Each spring for at least the past 23,000 years, members of the Porcupine caribou herd as they move in concert near the end of their approximately 1,500-mile trek, dispersed across the wide expanses of their wintering grounds in Canada’s Yukon, have gathered together like water flowing along branched tributaries toward a single confluence. That confluence is a 1.5 million-acre area of boggy coastal tundra plain, nestled between the north slope of the Brooks Range in Alaska and the Beaufort Sea. The caribou know this place as their summer calving and feeding ground. We know it as Area 1002 within the larger 19.2 million-acre Arctic National Wildlife Refuge (ANWR).
Estimates indicate that 10 to 20 pounds of carbon per square foot resides within the uppermost 10 feet of the permafrost.
In the renewed debate over drilling in the Arctic National Wildlife Refuge, one troubling impact of oil development has been overlooked: Disrupting the annual caribou migration will have a profound effect on the soil and release even more greenhouse gas into the atmosphere.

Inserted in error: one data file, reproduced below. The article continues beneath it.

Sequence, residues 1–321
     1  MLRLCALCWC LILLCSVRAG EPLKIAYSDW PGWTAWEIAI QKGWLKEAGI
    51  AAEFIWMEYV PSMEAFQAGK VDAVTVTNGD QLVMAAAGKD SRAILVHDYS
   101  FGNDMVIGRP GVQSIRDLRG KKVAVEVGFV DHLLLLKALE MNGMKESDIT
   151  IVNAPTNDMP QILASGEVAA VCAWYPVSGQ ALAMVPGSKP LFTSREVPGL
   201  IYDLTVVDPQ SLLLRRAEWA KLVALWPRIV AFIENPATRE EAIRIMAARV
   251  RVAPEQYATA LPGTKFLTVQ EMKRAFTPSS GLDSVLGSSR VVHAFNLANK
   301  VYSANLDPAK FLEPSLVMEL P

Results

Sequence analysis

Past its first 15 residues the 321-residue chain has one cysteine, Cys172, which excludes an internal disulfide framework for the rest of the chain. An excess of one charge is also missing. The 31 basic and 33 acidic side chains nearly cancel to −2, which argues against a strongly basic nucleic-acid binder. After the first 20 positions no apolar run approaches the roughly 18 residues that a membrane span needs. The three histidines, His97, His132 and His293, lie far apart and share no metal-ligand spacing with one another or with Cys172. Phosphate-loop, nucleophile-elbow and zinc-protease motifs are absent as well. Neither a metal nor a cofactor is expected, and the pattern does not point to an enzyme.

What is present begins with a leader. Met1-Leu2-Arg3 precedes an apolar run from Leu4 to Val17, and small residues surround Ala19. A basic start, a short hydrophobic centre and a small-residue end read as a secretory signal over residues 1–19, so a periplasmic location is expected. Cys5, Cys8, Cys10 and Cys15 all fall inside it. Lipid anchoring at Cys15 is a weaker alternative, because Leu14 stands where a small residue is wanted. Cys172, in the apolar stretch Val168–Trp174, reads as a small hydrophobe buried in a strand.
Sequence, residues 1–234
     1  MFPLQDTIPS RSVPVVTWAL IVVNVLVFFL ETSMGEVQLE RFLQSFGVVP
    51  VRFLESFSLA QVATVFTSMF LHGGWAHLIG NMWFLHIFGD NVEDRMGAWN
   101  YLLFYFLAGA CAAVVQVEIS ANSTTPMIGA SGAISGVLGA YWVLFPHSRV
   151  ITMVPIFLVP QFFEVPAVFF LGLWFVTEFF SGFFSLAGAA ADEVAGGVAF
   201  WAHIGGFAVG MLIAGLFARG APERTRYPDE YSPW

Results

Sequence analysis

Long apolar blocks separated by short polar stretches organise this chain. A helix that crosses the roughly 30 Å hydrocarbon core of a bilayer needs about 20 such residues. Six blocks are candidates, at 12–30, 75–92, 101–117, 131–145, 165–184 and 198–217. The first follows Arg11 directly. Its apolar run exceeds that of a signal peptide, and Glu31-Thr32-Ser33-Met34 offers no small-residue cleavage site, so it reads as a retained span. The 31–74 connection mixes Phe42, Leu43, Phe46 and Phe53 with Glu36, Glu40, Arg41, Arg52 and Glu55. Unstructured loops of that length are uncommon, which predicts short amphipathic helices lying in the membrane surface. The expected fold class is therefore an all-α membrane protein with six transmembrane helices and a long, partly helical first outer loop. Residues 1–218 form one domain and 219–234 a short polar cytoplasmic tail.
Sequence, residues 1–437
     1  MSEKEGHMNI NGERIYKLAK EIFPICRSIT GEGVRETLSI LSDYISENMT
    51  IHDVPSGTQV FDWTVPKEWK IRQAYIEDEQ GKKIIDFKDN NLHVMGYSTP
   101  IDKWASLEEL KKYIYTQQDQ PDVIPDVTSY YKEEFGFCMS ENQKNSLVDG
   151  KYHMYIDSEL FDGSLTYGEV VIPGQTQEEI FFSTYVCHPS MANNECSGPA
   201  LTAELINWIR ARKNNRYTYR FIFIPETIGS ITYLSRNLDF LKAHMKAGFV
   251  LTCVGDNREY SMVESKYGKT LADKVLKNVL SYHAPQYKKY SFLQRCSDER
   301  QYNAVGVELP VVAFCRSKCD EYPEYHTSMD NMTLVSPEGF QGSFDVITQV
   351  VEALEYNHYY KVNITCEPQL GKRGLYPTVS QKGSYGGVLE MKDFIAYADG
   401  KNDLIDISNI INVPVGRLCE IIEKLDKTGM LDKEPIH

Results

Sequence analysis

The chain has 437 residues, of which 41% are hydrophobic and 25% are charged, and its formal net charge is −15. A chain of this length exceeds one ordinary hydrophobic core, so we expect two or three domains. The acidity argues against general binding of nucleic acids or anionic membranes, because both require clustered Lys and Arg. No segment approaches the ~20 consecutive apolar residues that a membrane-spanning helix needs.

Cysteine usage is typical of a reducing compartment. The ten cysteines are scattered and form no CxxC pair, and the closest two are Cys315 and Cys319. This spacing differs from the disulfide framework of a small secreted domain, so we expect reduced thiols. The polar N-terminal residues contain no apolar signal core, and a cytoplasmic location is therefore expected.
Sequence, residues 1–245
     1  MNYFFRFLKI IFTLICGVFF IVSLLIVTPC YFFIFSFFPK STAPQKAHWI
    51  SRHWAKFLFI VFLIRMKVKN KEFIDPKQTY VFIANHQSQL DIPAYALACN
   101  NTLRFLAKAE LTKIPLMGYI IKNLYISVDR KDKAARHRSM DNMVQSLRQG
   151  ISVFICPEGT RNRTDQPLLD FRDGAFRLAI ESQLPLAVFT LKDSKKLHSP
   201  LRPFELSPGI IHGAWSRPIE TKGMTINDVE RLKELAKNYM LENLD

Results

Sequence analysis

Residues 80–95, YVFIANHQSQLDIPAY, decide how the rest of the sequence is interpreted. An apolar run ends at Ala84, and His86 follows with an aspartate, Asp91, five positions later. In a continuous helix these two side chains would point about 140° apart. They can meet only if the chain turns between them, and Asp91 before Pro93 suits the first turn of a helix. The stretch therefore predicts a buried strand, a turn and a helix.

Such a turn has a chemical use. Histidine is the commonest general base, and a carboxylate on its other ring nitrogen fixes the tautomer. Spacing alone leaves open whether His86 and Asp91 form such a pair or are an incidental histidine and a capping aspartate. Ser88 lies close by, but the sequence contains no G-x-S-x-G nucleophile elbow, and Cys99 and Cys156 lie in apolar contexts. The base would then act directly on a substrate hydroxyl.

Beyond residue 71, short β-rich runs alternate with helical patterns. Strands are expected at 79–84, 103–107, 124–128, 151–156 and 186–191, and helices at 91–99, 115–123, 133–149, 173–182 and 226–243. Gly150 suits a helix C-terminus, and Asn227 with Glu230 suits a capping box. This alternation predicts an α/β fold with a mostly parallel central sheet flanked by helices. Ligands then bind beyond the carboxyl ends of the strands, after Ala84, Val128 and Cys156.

Currently, the exact social cost of carbon taking into account the potency and lifespan of methane released to the atmosphere remains uncertain. That is because environmental risk assessments have not evaluated how widespread the thawing of permafrost in Area 1002 will be as a consequence of shifting caribou movement, nor have they determined the rate at which the thawing top 10-foot-layer of permafrost will be decomposed. Still, decades-old preliminary exploration activity in Area 1002 would suggest, at the very least, that the spectacular wilderness vista will be altered for generations to come.
Beyond the analyses, the ultimate question remains: Will this economically questionable 30-year venture be worth the lasting environmental consequences to a wilderness that took tens to hundreds of thousands of years to develop, for the sake of extracting what amounts to meeting one year’s worth of the nation’s oil demand?